|Castle Mountains, David Lamfrom, wikimedia.org|
For some folks, their first knowledge of Devils Tower was the ancient sci-fi film Close Encounters of the Third Kind. That spot in Wyoming became the locust of activities between us earthlings and visitors from outer space. Devils Tower was the first of the nation’s 120 national monuments – can you name the most recent three?
California lays claim to having its own “close encounter” with the three, because all of them are located in the Golden State, and all of them received their designation in February when President Obama granted status to Castle Mountains National Monument, Mojave Trails National Monument, and Sand to Snow National Monument. RVers may be very much interested in these three new monuments – and what recreational opportunities they provide – and will yet provide in the future.
There’s a lot of ground to cover with three monuments, so in this first installment, we’ll cover the northern-most tract of land, Castle Mountains National Monument
A good chunk of this new monument’s 21,000 acres lies in northeastern San Bernardino County, between I-15 and I-40, northwest of the Colorado River. It’s a dry county, stifling hot in summer but attractive in late fall through mid-spring. Castle Mountains is a land of forests of Joshua Trees and solitary dwelling desert creatures.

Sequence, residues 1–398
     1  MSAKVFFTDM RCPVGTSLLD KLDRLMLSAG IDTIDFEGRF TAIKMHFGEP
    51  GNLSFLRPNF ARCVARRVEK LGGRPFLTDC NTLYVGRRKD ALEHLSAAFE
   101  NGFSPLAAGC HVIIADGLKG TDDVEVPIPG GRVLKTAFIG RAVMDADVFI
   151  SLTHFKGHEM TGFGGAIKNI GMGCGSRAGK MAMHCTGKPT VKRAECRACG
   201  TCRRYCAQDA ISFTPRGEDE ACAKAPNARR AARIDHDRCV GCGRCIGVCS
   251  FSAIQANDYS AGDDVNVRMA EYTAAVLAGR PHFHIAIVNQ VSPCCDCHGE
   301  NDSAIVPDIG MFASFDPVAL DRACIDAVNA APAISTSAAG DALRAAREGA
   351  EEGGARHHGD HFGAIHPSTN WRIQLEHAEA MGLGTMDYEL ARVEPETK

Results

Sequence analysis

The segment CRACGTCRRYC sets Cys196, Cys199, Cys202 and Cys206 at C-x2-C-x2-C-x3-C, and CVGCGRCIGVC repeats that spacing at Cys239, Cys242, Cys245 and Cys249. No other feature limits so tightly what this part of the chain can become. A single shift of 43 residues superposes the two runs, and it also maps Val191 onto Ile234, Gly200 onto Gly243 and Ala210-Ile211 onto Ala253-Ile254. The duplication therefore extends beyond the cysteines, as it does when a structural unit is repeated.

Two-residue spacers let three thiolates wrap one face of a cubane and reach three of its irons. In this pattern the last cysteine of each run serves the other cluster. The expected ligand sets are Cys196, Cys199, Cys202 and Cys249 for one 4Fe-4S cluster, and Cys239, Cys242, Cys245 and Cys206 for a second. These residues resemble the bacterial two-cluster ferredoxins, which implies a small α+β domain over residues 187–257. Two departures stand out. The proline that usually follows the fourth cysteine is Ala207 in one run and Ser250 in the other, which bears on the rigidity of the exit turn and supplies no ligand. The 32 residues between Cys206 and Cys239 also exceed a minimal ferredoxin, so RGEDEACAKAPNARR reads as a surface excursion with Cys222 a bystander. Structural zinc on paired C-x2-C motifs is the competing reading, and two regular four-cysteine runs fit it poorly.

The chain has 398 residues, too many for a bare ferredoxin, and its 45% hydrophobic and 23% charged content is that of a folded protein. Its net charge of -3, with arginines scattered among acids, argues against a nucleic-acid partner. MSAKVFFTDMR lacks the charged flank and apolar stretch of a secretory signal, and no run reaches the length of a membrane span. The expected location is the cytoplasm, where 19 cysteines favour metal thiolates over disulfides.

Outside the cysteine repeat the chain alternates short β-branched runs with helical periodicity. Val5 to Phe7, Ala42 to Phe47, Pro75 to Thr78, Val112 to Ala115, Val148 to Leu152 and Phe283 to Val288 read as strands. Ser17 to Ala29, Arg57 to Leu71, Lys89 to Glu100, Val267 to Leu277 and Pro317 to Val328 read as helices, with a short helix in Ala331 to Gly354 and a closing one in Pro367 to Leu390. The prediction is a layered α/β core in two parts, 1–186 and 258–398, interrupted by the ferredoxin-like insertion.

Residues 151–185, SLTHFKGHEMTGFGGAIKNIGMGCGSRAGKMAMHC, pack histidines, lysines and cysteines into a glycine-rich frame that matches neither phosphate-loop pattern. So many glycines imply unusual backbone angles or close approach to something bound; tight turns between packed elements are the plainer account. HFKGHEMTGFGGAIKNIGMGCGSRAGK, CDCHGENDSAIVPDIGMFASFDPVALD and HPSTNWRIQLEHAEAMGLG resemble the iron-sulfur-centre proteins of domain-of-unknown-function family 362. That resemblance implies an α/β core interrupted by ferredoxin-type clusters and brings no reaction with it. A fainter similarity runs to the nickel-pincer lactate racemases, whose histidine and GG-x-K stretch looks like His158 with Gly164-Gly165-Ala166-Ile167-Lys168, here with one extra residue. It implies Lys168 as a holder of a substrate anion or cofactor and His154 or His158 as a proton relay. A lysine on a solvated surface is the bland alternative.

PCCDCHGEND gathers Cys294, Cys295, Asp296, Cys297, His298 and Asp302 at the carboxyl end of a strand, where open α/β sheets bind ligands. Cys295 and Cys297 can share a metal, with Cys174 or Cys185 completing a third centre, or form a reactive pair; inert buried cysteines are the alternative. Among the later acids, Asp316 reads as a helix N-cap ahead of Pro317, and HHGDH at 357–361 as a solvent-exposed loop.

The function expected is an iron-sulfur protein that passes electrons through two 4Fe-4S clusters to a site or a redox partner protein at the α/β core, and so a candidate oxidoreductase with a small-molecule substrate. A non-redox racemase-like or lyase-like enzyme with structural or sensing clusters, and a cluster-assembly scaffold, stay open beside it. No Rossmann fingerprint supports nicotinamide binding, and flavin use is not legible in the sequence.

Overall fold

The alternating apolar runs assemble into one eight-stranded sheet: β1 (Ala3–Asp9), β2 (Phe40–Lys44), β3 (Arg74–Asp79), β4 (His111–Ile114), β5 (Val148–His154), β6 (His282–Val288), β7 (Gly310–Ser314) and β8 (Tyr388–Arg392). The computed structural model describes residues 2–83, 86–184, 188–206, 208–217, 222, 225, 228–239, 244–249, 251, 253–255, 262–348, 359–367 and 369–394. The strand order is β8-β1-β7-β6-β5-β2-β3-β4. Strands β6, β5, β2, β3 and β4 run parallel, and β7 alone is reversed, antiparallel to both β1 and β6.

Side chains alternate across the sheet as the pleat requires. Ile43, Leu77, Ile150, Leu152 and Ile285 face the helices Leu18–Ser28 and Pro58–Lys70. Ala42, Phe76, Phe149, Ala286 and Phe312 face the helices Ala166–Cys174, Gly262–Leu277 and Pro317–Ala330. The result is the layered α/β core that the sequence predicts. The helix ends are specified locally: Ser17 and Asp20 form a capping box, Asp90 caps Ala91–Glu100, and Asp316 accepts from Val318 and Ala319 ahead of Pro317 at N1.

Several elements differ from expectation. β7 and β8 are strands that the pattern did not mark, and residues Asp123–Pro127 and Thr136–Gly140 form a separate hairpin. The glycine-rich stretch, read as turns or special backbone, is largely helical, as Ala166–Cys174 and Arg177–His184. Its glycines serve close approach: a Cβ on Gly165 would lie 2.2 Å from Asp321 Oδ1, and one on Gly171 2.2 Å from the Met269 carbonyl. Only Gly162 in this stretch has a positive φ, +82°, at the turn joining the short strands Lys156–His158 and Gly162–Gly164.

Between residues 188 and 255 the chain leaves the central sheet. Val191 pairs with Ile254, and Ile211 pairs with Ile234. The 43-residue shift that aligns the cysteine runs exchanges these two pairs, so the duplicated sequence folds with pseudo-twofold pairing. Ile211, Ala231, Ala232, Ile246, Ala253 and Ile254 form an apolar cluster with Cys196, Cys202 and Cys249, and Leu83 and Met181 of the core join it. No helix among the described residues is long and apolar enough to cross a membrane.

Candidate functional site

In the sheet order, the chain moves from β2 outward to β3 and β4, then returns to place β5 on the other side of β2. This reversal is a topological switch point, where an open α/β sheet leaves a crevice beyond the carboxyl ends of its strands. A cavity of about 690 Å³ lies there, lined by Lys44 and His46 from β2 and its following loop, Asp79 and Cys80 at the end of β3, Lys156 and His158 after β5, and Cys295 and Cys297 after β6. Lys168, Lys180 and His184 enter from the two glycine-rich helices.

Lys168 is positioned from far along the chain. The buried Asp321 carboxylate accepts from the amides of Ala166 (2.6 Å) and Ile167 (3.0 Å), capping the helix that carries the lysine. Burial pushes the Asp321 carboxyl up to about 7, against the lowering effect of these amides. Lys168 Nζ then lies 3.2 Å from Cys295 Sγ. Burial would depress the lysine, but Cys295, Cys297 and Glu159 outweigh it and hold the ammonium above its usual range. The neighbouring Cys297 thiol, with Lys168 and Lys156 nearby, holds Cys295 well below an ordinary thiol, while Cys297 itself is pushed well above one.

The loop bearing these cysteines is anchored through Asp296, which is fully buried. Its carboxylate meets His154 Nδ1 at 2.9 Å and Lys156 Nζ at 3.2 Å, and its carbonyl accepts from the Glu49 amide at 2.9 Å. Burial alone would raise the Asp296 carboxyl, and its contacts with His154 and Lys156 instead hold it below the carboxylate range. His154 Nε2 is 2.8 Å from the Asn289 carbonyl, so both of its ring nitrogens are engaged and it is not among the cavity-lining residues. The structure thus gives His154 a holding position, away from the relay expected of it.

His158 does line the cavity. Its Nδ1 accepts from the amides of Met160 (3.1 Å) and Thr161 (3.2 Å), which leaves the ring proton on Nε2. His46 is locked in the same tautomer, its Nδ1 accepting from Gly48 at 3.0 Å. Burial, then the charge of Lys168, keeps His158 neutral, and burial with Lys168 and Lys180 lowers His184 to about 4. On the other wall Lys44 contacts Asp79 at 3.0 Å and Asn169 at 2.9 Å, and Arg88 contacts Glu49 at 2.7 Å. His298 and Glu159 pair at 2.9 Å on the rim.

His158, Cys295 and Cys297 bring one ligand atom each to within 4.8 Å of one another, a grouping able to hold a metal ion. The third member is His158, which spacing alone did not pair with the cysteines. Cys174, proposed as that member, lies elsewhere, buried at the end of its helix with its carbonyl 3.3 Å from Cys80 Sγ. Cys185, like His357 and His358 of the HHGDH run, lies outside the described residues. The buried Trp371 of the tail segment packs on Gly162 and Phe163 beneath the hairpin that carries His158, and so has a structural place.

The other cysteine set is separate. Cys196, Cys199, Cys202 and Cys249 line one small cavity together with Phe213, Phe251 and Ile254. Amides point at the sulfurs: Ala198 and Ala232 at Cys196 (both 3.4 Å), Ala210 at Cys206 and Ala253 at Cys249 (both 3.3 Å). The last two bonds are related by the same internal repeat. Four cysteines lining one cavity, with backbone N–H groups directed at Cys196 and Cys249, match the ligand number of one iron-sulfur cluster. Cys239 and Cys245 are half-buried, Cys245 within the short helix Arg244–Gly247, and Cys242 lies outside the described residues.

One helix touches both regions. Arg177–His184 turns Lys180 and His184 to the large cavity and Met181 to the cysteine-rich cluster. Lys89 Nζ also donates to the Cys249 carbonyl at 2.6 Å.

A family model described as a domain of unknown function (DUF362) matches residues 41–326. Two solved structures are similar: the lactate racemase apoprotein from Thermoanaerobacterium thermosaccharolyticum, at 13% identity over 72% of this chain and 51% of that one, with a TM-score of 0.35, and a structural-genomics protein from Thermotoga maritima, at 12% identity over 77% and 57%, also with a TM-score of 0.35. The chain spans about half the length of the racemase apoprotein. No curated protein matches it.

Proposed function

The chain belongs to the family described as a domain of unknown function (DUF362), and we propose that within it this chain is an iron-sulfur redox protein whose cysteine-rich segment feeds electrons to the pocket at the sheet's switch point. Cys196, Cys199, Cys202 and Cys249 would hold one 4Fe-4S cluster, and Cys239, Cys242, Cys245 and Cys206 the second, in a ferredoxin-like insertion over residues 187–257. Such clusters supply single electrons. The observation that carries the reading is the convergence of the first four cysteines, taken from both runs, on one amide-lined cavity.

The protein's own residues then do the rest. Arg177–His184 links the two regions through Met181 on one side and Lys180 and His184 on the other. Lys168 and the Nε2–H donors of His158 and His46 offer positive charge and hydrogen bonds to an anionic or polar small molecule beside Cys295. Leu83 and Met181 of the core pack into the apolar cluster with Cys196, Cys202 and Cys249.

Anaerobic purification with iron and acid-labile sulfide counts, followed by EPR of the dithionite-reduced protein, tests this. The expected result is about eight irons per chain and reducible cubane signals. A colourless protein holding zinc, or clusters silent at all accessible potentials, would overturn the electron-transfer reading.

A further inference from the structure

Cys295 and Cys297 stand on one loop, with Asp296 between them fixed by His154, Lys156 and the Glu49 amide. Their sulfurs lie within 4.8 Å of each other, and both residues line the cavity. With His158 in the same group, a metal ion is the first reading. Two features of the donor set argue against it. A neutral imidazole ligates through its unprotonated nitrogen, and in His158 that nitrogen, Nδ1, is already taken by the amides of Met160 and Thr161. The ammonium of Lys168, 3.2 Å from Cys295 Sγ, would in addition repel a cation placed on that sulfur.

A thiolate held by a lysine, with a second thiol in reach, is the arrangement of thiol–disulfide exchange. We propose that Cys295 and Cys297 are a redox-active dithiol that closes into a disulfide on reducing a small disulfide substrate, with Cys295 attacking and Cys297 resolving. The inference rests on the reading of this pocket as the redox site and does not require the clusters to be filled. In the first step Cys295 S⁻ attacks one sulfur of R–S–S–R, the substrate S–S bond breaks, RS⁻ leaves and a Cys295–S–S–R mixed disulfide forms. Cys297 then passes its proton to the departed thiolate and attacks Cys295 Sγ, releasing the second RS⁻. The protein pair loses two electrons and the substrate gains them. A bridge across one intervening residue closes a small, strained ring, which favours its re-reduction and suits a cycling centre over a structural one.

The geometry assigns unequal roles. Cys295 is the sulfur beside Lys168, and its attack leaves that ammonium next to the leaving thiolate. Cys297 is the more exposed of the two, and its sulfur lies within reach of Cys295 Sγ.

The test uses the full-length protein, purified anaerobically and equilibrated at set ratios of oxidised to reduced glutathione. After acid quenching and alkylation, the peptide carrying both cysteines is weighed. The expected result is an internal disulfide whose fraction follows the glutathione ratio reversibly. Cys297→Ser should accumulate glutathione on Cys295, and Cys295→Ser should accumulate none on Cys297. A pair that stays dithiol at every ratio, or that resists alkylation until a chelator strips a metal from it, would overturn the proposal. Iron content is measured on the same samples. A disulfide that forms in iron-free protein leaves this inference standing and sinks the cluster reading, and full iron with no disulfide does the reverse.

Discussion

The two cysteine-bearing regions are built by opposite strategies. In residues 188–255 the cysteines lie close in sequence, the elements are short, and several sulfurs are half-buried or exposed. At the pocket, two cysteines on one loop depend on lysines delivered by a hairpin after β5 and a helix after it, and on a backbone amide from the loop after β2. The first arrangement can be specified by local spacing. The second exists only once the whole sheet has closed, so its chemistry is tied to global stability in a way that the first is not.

Don’t mistake Castle Mountains with a national park, where paved roads and visitor centers are standard features. The only roads in the monument are dirt, and they’re of the kind that would like to eat your rig when the rains turn the surface into mud, so plan your trip carefully. There is a visitor center, however, that reaches deep into the natural and human history of the monument, near Essex at 90942 Kelso Cima Road. Spot it on your map 18 miles north of Interstate 40 and some 34 miles south of Baker.
Camping? Yes, both for the hardy, and the fainter of heart. For boondockers, you can do plenty of roadside camping unless otherwise posted as a no-no. If you prefer a more developed place to park your rig for the night, the National Park Service provides two campgrounds. Hole-in-the-Wall Campground has 35 sites that can accommodate RVs, but be self-contained, there are no utilities, unless you count pit toilets. But there is a dump station and available potable water in the campground. At the 4,400 foot level, you’ll find the place most-loved in October and November, and again in March and April.
The other campground is Mid Hills Campground. At a much higher elevation, this little tiny spot offers cooler nights, but monument officials suggest you don’t try accessing it with a motorhome or travel trailer. Could be great for truck camper enthusiasts, but we recommend other RVers scout it out with the toad car before trying to take a rig up.
And one more caveat – don’t trust your GPS, at least not for showing you reliable roadways. Monument staff say that many GPS databases are NOT up-to-date with the existing road and trail system, and while you’ll know where you are in terms of latitude and longitude, the order of the day could be, “You can’t get here from there.” Carry those old fashioned paper maps to be sure.